Hint: next time if you want to pretend it's not your blog, don't link to it in your signature.
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Old November 25 2013, 03:08 PM   #82
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Re: Mars One - Unethical?

Storyteller wrote: View Post
Sorry about the bump of an old thread, but it would seem that a blogger has issued a rather cool rebuttal to the original poster. Is Mars One really unethical?
Don't do that again.

It's fine if you want to link a topical blog article--I don't mind that. But don't pretend you didn't write it. I have no use for dishonesty here.
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Old December 5 2013, 03:20 PM   #83
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Re: Mars One - Unethical?

We could always go the colonization of Australia route. No way THAT could come back to bite us on the ass.
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Old December 17 2013, 08:26 PM   #84
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Re: Mars One - Unethical?

Alpha_Geek wrote: View Post
Everybody is going to die some time or another. Would you rather do it on Earth or Mars?
On Earth. I think it's more than enough that we ruined one planet. We ought to tidy up out own home before we visit the neighbourhood.

Mars 1 sounds like a thrilling idea but I agree in the suspicion that it's just a big rip-off (is that the right word?? I mean something like a scam, a trick to get peoples' money)

Given the immense density of objects in our orbit that make launching larger space vessels more difficult every day, I suggest that we should rather start building a gigant vacuum cleaner (most literally, in this case). Hopefully with a little more durability than the infamous Spaceball 1 model.

As a hobby astronomer I'd really appreciate it if the space debris got reduced. It's highly annoying when you try to take a snap of - for example - Europa and at that very moment the darned ISS tool bag passes by. (It's small but at times reflects the sunlight, ruining the photo completely)
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Old December 18 2013, 12:52 PM   #85
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Re: Mars One - Unethical?

Spirit of Christmas Present wrote: View Post
Alpha_Geek wrote: View Post
Everybody is going to die some time or another. Would you rather do it on Earth or Mars?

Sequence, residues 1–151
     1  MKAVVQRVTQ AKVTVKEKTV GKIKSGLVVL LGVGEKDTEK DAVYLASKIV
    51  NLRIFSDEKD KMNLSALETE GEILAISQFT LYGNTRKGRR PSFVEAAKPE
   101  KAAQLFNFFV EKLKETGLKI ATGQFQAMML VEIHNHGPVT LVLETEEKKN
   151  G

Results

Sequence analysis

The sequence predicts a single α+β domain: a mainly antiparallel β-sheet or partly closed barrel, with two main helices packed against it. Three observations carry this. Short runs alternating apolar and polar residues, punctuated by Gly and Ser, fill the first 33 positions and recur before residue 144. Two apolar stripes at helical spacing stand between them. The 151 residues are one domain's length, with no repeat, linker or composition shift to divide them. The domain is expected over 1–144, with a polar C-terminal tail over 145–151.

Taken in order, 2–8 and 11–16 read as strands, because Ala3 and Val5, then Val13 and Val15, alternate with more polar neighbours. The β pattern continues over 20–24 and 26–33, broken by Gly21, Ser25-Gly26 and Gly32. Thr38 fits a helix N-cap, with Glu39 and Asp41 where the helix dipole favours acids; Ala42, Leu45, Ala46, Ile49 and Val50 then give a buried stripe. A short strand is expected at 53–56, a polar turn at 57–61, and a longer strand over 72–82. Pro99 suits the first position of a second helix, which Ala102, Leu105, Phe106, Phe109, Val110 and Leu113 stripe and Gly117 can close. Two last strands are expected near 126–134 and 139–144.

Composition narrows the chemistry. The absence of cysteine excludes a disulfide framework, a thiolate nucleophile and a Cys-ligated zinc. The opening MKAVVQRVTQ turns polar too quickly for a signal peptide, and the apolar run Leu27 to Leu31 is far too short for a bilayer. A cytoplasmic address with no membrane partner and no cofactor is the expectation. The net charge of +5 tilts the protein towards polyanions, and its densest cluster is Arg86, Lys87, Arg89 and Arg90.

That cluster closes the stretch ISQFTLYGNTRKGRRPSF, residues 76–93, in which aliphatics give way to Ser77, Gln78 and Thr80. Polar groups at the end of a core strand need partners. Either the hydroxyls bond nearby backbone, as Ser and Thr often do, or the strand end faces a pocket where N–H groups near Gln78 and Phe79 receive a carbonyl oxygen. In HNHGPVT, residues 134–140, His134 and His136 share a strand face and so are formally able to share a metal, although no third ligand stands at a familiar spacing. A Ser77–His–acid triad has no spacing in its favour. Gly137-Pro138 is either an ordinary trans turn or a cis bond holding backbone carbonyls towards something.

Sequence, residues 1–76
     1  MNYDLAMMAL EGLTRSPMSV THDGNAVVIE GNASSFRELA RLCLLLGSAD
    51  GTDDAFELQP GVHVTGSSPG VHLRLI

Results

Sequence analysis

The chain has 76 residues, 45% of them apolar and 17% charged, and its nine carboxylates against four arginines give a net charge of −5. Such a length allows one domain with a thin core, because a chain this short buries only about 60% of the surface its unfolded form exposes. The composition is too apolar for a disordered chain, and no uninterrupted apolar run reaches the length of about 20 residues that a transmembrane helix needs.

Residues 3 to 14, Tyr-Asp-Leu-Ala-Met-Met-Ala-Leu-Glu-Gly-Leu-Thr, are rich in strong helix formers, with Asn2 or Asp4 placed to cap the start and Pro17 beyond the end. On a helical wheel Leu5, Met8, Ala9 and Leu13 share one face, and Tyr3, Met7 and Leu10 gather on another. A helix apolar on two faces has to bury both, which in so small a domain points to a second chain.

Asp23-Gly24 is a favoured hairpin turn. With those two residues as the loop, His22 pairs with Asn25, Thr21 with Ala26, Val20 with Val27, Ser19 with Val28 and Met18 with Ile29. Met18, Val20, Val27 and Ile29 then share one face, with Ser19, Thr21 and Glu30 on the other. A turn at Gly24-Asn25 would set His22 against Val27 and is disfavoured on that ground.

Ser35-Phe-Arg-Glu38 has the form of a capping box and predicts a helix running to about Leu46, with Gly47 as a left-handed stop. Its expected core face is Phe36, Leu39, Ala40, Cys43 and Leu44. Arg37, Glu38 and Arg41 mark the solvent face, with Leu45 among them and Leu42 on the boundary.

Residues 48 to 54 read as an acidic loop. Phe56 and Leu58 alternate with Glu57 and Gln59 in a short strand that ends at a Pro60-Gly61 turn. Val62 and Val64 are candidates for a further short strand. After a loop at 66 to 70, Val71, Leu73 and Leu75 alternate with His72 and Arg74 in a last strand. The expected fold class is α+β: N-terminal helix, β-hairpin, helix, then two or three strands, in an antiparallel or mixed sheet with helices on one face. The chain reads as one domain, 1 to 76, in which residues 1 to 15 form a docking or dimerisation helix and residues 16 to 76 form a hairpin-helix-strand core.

On Earth. I think it's more than enough that we ruined one planet. We ought to tidy up out own home before we visit the neighbourhood.
"ruined one planet"?
Talk about an unsupported hyperbole. Do you have anything to base it on? If so, let's see it.
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Old December 18 2013, 04:51 PM   #86
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Re: Mars One - Unethical?

Ozone hole, red list of endangered species, annual G8 climate conference, oil spills, destruction of tropical rain forrests, global climate change - the list goes on.
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Last edited by Death of Rats; December 18 2013 at 04:54 PM. Reason: edited for spelling
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Old December 18 2013, 04:56 PM   #87
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Re: Mars One - Unethical?

Edit_XYZ wrote: View Post
Spirit of Christmas Present wrote: View Post
Alpha_Geek wrote: View Post
Everybody is going to die some time or another. Would you rather do it on Earth or Mars?
On Earth. I think it's more than enough that we ruined one planet. We ought to tidy up out own home before we visit the neighbourhood.
"ruined one planet"?
Talk about an unsupported hyperbole. Do you have anything to base it on? If so, let's see it.
Just for starters.
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Old December 18 2013, 05:00 PM   #88
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Re: Mars One - Unethical?

Spirit of Christmas Present wrote: View Post
Ozone hole, red list of endangered species, annual G8 climate conference, oil spills, destruction of tropical rain forrests, global climate change - the list goes on.